To protect themselves from accusations of fraud or overcharging in the future, towing companies need to implement a much more detailed and itemized invoicing system then is currently in place. The reason the five companies that are facing the prospect of criminal charges are in that position is because they left themselves vulnerable to those accusations due to The lack of detailed record keeping. Technology has made it so easy for small businesses nowadays to keep detailed records and bookkeeping that there’s no excuse for tow companies not to implement it. you can get bookkeeping software that includes invoicing, you can download invoicing templates for spreadsheet programs, or you can even get invoicing software that specifically designed only invoicing. This is the biggest take away I hope everybody related to the towing industry in our city has, the essential need for detailed invoicing.
The new revised ordinance related towing in this city also needs to clearly lay out the maximum punishments for minor violations and major violations and have an escalating scale for repeat offenses. The ordinance also needs to clearly lay out what is a minor violation with examples (like inadvertently charging a customer for the first two days of storage that they were not supposed to) and what is a major violation is with examples (like charging for service that was not rendered).
Furthermore, the ordinance or Police Department administration needs to clearly designate a commander or a department that is responsible for fielding complaints about possible violations of the towing ordinance and investigating them and administering corrective action as necessary. It also needs to be clearly communicated to the people of the city, as well as the towing companies, which department or commander is responsible for this.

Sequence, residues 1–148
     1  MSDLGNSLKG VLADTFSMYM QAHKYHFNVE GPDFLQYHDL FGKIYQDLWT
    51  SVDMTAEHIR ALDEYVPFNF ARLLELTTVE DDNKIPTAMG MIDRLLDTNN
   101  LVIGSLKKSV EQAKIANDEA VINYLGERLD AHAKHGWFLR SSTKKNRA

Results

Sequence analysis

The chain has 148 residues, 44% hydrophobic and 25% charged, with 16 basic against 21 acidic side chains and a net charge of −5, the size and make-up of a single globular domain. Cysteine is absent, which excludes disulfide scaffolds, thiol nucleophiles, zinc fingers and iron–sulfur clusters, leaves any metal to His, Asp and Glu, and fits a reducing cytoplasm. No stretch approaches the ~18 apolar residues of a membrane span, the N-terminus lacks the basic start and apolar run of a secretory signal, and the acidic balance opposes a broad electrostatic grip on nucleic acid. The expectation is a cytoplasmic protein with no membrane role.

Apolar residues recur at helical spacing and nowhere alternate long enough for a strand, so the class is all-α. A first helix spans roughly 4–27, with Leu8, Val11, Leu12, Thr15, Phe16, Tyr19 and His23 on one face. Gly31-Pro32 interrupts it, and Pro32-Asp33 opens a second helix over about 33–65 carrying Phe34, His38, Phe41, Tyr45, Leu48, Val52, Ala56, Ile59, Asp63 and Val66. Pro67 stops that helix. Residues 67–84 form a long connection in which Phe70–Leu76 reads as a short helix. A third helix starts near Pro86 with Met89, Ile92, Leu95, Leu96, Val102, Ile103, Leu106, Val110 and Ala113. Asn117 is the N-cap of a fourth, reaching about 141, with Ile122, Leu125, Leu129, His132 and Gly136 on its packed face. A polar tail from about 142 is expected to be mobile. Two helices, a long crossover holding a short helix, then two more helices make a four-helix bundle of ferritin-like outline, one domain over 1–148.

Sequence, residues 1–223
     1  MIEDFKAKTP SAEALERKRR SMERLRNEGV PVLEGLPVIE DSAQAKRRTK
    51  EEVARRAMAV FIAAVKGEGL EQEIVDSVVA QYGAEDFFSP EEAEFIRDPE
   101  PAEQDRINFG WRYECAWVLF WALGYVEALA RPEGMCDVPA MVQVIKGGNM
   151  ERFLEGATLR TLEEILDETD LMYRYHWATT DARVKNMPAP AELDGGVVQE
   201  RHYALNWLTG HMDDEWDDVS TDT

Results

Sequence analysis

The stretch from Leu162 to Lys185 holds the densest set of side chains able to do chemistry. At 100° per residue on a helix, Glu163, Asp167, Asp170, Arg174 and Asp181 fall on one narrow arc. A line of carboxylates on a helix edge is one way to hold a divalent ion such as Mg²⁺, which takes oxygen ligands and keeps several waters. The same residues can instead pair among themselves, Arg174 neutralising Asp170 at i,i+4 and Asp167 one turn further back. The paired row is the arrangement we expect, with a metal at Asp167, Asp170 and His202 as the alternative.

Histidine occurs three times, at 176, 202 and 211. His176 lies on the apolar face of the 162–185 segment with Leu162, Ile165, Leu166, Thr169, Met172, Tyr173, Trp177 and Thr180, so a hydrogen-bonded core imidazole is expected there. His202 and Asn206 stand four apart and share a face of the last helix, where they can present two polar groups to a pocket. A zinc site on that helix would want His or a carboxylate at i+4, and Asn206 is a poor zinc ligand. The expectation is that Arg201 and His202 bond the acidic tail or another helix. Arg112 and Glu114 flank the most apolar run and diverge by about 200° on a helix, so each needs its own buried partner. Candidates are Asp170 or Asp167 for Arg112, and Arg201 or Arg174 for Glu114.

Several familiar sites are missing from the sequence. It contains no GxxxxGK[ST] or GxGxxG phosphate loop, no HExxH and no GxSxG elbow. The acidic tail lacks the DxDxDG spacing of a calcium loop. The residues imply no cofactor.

99% of the situations related to the towing ordinance that is currently causing a high level of heartburn in this city could have been dealt with in an administrative manner efficiently and effectively at the time of the potential violation that would not have resulted in the police conducting a criminal investigations or the towing companies feeling targeted, which they feel is not designed to actually address the issues. Handling the issues in that manner actually could have led to a continued positive and harmonious relationship between the police and the towing community. Because of the way the events of the last couple of months have unfolded, I think that harmonious relationship is forever broken.
David is a small business owner who attended the University of South Alabama and studied political science. He ran for his first and only political office in the city of Daphne, Alabama for city council where he lost by less than 200 votes to a sitting incumbent. David has a passion for all levels of politics, aviation, business development and recruitment, history (his dad drug him to Civil War battlefield for Summer vacation instead of Disney world and six flags) and the Mobile region.